Dec 10, 2016 • Arnout Roemers
In a previous blog post the
mount-lite library was introduced.
In short, it explained why I like the premise of
mount, and what moved me to create a spin-off.
This time I want to talk about what has changed between the
0.9.x versions of that blog post and the recently released
0.9.x versions, the
mount-lite library used to be bigger.
It was different from the original
mount, with features such as a composable data-driven API, bindings, parallel starting and stopping, starting and stopping “up to” a particular state, automatic dependency graphs, and cleaner substitutions.
In the mean time, the original
mount has dropped unnecessary features, has also created a composable API, and is improving substitutions as well.
It is good to see this, as
mount is more popular, and all kudos should still go to the original author of course.
2.0.0 version introduces the ability to run multiple systems of states simultaneously.
In other words, a single
defstate can be started multiple times in different contexts.
One major reason for introducing this feature, is to be able to run test suites in parallel.
As this is a breaking change, it was a good opportunity to get rid of the excess, based on experience in several larger projects.
With the new version,
mount-lite still has it’s own take and feature set with respect to the original
In short, apart from the multiple-instances feature, the following has changed:
deref when using a started state.
This enables the multiple-instances feature.
bindings feature and the
parallel start/stop feature have been removed, as those were rarely used and only added complexity.
except features have been removed as well, as the
up-to feature is all you (should) need.
up-to feature is now standard. The
except features could be harmful - they could leave your system in a bad state - and they rarely used.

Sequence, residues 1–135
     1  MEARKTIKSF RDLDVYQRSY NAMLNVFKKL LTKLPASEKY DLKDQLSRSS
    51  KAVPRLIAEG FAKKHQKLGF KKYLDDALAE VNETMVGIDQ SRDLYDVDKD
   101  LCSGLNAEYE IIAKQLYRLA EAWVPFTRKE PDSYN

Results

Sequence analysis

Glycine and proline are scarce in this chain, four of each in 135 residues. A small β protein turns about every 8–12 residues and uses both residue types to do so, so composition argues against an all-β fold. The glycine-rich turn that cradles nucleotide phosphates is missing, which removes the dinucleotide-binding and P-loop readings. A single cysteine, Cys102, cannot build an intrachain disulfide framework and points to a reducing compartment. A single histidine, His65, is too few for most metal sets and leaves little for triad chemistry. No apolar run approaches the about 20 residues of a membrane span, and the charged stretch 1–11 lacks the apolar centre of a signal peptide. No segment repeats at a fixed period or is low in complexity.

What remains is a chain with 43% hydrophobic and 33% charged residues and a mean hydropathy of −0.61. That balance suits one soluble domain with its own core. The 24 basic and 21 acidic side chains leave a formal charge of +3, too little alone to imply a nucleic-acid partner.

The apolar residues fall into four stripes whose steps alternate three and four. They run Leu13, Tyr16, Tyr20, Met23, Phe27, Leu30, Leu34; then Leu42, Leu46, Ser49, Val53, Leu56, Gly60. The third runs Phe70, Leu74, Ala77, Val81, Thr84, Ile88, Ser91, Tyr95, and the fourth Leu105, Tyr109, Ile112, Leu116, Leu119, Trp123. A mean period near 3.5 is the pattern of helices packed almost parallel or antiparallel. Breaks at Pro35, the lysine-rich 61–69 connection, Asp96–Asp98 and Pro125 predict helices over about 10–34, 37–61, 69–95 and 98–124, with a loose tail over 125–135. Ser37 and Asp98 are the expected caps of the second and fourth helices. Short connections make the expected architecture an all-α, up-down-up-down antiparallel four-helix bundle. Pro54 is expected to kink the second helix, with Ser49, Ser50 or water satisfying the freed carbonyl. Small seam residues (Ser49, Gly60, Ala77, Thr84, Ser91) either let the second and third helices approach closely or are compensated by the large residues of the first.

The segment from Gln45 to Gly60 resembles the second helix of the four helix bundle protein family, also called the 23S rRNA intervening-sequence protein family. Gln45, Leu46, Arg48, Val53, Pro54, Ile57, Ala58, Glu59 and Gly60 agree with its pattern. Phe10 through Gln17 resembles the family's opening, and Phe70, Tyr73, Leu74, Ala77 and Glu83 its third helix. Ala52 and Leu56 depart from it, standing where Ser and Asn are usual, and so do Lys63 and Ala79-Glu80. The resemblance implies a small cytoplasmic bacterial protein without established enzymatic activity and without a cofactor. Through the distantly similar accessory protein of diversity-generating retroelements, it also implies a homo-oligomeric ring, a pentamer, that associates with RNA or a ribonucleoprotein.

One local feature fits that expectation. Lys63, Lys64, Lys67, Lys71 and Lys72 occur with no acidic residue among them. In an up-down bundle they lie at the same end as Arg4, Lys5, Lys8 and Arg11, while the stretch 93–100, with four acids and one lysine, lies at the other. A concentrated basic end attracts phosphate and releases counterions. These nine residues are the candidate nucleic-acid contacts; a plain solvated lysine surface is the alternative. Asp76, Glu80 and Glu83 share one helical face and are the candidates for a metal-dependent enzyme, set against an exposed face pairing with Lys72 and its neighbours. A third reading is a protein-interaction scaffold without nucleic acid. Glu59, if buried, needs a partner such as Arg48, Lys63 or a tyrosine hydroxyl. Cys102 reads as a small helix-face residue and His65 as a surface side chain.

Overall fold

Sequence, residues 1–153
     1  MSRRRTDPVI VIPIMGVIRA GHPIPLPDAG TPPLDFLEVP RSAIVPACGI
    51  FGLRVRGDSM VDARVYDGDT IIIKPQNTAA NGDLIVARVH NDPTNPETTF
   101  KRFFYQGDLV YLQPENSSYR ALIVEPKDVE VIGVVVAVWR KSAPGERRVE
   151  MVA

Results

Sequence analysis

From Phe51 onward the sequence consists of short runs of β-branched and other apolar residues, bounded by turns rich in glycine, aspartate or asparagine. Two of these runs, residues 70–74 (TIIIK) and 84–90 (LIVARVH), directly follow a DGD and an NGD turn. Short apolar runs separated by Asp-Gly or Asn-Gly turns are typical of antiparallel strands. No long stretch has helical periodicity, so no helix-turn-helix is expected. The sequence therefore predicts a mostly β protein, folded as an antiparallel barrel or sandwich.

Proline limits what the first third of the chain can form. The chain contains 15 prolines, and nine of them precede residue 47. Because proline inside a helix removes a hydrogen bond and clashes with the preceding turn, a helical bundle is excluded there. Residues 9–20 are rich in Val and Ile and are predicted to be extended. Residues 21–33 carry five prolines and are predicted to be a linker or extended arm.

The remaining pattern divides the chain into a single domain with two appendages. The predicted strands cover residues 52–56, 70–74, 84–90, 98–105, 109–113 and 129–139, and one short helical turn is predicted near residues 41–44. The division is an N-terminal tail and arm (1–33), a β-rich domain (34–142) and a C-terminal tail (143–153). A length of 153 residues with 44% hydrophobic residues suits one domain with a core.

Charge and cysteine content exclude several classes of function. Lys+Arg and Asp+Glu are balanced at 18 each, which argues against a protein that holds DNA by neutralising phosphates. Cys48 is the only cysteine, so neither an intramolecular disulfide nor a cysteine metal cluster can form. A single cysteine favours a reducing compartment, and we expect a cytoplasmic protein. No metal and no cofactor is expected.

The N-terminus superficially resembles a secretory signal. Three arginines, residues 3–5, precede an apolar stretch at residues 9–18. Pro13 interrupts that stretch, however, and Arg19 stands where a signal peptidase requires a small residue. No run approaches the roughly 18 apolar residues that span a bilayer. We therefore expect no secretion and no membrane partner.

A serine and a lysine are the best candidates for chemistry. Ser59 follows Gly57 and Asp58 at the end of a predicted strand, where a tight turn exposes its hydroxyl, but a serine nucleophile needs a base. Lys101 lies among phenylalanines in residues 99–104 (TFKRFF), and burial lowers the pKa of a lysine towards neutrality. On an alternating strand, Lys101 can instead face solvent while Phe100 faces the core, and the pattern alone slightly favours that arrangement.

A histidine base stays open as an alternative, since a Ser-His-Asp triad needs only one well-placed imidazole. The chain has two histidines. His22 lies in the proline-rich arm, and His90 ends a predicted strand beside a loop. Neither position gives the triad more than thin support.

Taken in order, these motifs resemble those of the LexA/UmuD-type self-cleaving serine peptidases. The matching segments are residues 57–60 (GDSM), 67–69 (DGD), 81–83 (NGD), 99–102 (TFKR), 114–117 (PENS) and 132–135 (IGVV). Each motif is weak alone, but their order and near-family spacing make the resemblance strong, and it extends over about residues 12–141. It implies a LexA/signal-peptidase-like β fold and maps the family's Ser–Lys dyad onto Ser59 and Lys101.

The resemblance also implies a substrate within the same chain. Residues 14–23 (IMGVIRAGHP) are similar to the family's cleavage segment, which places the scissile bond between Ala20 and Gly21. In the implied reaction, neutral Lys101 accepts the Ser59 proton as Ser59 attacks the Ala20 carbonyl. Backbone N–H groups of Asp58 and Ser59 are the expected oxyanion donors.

They could get your system in a bad state.
This means that you don’t have to change anything within the
(start) expression or its immediate vicinity.
Because of these feature changes, the API has been trimmed down to a simple mininium, not requiring it to be composable or data-driven.
In my experience, most
mount-lite users were not the power user I expected them to be.
So many options the data-driven composabe API offered, were rarely used.
The new API comprises of only the bare minimum of features that are actually used.
The API has become simpler because of this, and therefore easier to learn and understand.
The API now comes down to:
(defstate ...), only having a
(stop), or starting and stopping up to a certain state var using
(start #'my-state) or
(with-substitutes [#'my-state (state ...)] ...) macro, which can be nested.
(with-session ...) macro.
If you can’t live without the removed features, know that you can add some of them yourself by using the extension point mount-lite now offers. Otherwise, keep using the
0.9.x version, as it will still be supported.
But how do you use that new feature, having multiple systems of states simultateously living next to each other?
mount-lite library does this in a transparent way, i.e. there is no difference in how the library is used, whether this feature is utilized or not.
This is in contrast with the yurt library from the original
When you just
(start) your states, you start them in the default context.
The entire application accesses those states as normal.
By wrapping your
(start) with the
with-session macro, the thread that is then spawned - and all of its subthreads - will use a new system of states.
The states themselves and the code that uses them does not change a bit.
The states in that session are automatically stopped when the thread is done.
The example below shows how we use the
with-session macro to spin up a new thread and execute its body.
The example starts up two systems of states this way, and the use of
CountDownLatches ensures the systems run concurrently when printing the value of the
The printed output is shown below.
As you can see, two different values are printed, and subthreads use running states from parent threads.
The order in which
2 are printed, or the order in which
sub stopping are printed, might of course be swapped.
mount-lite library now truly fulfills the “lite” part. With version
2.0.0 it has gone back to the core of its functionality, based on real world projects and user experience. I hope you like it. The documentation has been updated to reflect this new version, including a migration guide. If you have questions or suggestions, I’d love to hear them, for example on twitter or the #mount channel on Clojurians Slack.
As always, have fun!